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While home with my parents this evening, I went at a shelf in my bedroom closet to try and throw away any old junk I don't need anymore. I was going through a couple trees worth of tractor-feed computer paper with various things printed on it (a lot of code, user manuals, etc) when I came across a printout of this joke:

Three kingdoms were in dispute over claims to an island in the middle of a lake on which they all bordered. Finally, after exhausting all diplomatic options, the rulers of the three kingdoms decided to send their best knights to the island for a great battle, and the winning kingdom would have claim to the island forever.
On the night before the battle, the three knights rowed out to the island, each with a retinue of their best squires. Two of the groups of squires promptly got down to the business of polishing armor, sharpening weapons, and just generally making sure their respective knights were ready to face the others in the morning.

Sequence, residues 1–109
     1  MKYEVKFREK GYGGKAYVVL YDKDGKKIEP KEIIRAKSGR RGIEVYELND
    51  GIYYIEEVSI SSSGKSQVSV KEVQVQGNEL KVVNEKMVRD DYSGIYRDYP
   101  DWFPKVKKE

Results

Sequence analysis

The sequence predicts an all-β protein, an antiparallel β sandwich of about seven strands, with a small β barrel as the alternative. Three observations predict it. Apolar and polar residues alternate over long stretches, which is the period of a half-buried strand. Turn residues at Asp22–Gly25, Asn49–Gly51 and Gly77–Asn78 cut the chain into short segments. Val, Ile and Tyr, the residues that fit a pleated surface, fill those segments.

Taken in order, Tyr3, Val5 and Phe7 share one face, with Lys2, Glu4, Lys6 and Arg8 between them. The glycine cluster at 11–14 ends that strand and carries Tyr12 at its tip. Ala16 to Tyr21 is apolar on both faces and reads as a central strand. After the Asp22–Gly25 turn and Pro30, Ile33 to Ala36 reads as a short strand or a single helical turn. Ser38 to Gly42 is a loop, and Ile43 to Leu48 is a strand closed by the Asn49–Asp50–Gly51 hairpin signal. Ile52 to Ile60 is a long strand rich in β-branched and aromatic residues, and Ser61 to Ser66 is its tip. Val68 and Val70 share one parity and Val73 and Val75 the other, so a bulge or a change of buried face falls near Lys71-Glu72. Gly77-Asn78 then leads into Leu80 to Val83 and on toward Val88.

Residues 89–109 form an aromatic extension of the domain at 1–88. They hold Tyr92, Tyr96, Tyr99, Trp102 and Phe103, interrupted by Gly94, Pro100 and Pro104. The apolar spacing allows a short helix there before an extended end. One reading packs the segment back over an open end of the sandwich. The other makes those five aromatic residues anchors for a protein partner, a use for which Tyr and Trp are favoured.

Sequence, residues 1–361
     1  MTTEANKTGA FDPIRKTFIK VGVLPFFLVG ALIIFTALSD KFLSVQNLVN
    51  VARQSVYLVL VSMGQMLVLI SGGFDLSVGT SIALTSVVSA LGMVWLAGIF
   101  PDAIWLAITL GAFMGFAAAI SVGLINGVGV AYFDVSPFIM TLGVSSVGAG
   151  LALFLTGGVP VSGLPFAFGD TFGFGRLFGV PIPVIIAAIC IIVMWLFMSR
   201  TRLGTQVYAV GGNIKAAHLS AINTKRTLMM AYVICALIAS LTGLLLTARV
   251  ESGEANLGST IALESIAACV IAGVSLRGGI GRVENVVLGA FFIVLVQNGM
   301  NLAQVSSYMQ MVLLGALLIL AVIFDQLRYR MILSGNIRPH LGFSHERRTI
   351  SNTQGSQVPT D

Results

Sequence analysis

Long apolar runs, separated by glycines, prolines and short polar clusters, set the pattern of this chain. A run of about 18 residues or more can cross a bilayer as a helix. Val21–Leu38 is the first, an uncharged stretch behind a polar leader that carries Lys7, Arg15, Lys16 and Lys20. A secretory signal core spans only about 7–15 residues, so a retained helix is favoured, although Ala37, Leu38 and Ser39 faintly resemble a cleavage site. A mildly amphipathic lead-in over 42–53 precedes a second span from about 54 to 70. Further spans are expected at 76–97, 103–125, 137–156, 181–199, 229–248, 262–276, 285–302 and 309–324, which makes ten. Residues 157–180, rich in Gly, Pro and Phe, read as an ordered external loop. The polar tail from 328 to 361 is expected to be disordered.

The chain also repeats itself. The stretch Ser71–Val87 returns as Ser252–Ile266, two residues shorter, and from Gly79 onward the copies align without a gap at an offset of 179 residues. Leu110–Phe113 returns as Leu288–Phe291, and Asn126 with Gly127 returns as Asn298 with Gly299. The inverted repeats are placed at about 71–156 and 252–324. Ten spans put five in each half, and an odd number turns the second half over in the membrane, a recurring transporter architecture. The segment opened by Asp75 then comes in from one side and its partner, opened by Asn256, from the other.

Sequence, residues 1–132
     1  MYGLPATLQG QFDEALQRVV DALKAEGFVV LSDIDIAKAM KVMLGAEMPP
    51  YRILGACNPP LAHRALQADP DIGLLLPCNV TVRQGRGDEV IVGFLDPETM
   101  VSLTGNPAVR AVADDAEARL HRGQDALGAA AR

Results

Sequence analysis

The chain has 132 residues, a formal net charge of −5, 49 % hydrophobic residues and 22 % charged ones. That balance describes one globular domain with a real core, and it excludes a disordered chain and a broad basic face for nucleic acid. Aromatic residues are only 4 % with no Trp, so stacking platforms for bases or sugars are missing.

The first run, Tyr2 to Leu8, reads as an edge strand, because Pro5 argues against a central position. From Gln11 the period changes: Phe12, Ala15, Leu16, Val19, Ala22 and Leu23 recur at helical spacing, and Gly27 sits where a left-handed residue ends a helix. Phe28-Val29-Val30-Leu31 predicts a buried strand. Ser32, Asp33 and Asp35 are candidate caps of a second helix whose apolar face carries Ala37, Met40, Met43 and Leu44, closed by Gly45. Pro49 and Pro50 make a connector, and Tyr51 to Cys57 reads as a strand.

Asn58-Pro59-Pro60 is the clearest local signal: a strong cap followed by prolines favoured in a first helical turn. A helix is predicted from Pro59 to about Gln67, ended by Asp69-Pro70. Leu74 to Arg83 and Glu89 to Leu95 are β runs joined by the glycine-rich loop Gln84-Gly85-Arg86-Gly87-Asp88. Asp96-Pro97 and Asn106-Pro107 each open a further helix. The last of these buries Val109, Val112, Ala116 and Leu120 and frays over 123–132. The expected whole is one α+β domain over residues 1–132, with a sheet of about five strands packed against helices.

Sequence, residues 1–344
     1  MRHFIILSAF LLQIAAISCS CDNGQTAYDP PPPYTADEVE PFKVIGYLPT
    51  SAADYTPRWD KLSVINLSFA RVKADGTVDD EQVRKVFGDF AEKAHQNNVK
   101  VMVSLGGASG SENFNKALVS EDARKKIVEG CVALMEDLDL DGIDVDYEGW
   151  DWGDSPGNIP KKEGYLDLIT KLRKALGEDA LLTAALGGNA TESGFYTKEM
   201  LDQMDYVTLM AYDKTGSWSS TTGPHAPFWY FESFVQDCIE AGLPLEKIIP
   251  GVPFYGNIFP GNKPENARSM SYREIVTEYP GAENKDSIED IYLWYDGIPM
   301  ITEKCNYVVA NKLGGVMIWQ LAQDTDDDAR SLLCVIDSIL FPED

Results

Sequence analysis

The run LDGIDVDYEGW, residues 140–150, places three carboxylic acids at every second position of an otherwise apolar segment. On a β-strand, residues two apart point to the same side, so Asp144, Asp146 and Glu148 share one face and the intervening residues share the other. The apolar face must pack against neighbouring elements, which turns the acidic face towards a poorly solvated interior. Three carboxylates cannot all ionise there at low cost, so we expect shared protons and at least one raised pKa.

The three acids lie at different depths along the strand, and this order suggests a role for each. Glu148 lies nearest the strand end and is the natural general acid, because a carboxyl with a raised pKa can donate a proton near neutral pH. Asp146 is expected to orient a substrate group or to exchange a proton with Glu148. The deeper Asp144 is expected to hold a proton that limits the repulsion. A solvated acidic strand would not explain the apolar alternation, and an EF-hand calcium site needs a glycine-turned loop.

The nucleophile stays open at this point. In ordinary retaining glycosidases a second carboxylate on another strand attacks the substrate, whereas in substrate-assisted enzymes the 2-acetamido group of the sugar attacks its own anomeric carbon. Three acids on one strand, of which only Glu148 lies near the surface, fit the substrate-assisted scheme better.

Meanwhile, the third squire tied a rope around the handle of a large kettle, hoisted it off the ground by a tree branch, and began cooking dinner, leaving his knight to tend to his own armor and weapons.
The battle, which began promptly at sunrise, was spectacular. Three knights in gleaming armor clashed with razor-sharp weapons. On and on it raged, until all three knights were dead.
Since the conflict had not been resolved, the squires then engaged in a battle of their own, until the only squire left standing was the one who had hoisted up the kettle to cook dinner the night before.

The moral: "The squire of the high pot and noose is equal to the sum of the squires on the other two sides!"

Even better was the tagline that showed up at the bottom of the message containing the joke: "A seamstress tucks up frills, while a trombone player..."

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Learned a different version of that one...

A similar joke got me through high school Geometry back in the day. :)

Deep in the heart of the jungle, there is a small tribe who decides the wealth of a man by the weight of his wives.

There came a day when Ogg wished to challenge Oogh for the title of Wealthiest Man. So, the village gathered to weigh their wives. Ogg had only one wife, but she was a rather large squaw. Oogh had two wives, both slender. So, Ogg's wife sat upon a hippopotamus hide, and Oogh's wives sat upon antelope hides, and the scales were rigged. And the villagers found that the squaw on the hippopatamus was equal to the sum of the squaws of the other two hides.


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